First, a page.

Does gene therapy always have to be gene-specific?

Early 2020 marked an important milestone for the Retina UK community, when the first person with an inherited retinal condition received NHS treatment to potentially slow or even stop the progression of their sight loss.

The treatment was Luxturna, a gene replacement therapy, which provides the retina with healthy copies of a gene called RPE65. However, Luxturna can only work for those whose sight loss is caused by faulty RPE65 in the first place, and these individuals number less than 100 in the UK. A small number of other gene therapies are in clinical testing, but again, they almost always target a specific gene. With over 300 different genes potentially responsible for inherited retinal conditions, that leaves a huge number in our community without a treatment option within reach.

Researchers are investigating other approaches, such as cell-based therapies, which have the potential to work regardless of the causative genetic fault. But are there particular genes that, when injected into the back of the eye like Luxturna, can overcome a myriad of underlying problems?

Cone rescue

There are two types of light-sensing photoreceptor cells in the retina: rod cells, which are concentrated in the periphery of the retina and tend to degenerate early in the course of retinitis pigmentosa; and cone cells, which are found in the middle of the retina and are responsible for detailed central vision. More than ten years ago, scientists discovered that rod photoreceptors produce a substance that is vital for the survival of cone photoreceptors, and named it rod-derived cone viability factor (RdCVF). As rod cells are lost in retinitis pigmentosa, the amount of RdCVF declines significantly, and the cones eventually suffer as a result.

Biotechnology company Sparing Vision is now investigating the possibility of boosting RdCVF levels in RP via a gene therapy approach, with the ultimate aim of preserving central vision for much longer, no matter what the underlying genetic fault. The Sparing Vision treatment provides copies of the genetic instructions for building RdCVF, which are then used by photoreceptors and other retinal cells to ramp up production. The RdCVF genes are packaged in harmless viruses and delivered via subretinal injection, just like Luxturna, but have the potential to exert beneficial effects regardless of the disease-causing gene. Sparing Vision is hoping to begin early phase clinical trials in France and the USA in late 2022.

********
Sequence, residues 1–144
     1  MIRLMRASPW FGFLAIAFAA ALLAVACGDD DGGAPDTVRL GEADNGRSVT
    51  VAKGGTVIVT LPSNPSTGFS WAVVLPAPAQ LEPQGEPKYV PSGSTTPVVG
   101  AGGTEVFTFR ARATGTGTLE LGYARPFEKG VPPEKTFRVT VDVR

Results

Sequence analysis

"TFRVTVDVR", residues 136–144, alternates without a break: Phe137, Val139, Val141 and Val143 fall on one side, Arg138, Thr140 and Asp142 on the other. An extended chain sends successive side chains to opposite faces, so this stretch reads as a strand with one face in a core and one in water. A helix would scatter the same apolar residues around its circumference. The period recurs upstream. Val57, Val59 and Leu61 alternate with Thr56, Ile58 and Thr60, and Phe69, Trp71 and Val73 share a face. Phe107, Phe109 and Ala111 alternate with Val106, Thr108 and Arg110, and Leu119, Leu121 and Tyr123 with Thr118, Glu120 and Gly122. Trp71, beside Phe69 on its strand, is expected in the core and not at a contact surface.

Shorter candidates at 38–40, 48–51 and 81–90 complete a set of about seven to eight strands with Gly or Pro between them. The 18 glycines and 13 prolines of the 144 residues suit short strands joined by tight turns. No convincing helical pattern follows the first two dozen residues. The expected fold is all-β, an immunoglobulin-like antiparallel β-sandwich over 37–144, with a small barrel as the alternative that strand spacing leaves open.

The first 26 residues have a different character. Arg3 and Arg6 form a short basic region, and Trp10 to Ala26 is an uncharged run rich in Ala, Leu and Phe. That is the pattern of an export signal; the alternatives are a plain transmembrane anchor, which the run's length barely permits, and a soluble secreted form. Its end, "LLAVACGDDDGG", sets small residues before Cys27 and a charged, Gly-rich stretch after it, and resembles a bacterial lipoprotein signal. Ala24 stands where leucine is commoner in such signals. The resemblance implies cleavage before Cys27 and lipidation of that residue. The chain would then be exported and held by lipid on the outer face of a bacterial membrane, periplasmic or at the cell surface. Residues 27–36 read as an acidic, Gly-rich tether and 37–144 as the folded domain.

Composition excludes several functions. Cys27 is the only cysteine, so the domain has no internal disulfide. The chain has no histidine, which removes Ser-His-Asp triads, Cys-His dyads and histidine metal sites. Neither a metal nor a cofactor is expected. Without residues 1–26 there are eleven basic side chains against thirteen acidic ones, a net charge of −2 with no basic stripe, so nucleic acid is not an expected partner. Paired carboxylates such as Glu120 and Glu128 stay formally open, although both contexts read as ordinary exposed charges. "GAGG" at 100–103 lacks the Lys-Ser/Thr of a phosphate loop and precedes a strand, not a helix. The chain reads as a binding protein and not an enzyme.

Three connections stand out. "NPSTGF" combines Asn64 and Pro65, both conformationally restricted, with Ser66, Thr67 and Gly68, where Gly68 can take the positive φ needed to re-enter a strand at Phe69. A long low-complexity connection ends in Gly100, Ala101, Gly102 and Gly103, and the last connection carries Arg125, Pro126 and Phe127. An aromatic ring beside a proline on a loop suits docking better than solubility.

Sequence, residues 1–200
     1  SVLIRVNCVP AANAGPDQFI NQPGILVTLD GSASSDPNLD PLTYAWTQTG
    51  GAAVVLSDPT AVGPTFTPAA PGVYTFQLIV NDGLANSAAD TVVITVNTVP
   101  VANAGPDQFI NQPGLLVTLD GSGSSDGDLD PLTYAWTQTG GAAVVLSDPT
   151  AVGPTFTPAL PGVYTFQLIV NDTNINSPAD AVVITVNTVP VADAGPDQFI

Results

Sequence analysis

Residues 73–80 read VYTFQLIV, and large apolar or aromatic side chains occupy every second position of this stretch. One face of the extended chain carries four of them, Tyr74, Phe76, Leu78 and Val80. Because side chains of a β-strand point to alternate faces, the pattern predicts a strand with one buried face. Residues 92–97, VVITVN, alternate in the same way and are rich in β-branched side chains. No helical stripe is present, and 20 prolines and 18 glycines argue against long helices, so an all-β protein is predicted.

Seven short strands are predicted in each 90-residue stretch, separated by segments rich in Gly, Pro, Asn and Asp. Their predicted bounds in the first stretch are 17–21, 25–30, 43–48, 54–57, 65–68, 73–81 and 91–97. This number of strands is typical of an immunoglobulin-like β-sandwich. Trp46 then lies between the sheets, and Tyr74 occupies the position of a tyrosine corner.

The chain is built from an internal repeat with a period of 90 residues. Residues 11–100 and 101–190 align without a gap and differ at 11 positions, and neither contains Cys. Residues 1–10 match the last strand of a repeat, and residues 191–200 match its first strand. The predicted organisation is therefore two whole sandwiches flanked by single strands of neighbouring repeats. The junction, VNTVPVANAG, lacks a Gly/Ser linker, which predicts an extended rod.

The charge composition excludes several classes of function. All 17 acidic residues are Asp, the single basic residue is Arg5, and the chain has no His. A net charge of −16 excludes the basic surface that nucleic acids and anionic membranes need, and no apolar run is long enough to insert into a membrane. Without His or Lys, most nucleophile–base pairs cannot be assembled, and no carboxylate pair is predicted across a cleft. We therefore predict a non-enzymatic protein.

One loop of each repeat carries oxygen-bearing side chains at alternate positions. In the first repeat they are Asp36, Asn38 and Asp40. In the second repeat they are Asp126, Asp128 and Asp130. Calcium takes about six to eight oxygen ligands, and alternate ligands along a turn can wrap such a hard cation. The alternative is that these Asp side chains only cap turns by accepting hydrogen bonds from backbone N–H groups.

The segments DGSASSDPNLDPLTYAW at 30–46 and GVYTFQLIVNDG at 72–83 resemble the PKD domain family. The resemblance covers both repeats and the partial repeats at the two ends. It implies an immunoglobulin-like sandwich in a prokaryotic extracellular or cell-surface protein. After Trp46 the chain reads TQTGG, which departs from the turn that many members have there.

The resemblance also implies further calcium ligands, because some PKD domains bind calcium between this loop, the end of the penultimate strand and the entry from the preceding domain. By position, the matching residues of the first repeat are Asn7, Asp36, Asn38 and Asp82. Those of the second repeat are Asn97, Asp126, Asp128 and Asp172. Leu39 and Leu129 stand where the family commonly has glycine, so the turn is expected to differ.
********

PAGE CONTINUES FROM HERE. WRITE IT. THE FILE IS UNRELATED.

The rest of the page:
The company also has another gene therapy approach in preclinical development, this time using a gene that can “jump start” cones that have already partially degenerated. In the long term, Sparing Vision aims to combine the two approaches in the hope of restoring some lost vision and prolonging the therapeutic effect.

Re-setting retinal cells

Meanwhile, a US company called Ocugen is hoping that one particular gene, called NR2E3, might have the power to re-set and stabilise retinal cells that have been damaged by a number of different underlying genetic faults.

NR2E3 is what’s known as a modifier gene, which can significantly affect disease outcomes, impacting onset, rate of progression, and severity by influencing key biological networks. Studies in five unique mouse models of retinal degeneration, all with different genetic faults, showed that NR2E3 gene therapy rescued photoreceptors from further damage after disease onset.

Ocugen has started an early phase clinical trial of this therapy in 18 people with RP caused by mutations in NR2E3 itself or in the RHO (rhodopsin) gene. Ultimately, they hope to test the treatment across a broad range of genetic diagnoses. The current trial is taking place at seven sites in the USA.

These two examples demonstrate the potential for gene therapy to make a broader impact. Thanks to your generous support, Retina UK will continue to fund researchers making key discoveries that underpin progress in treatment development.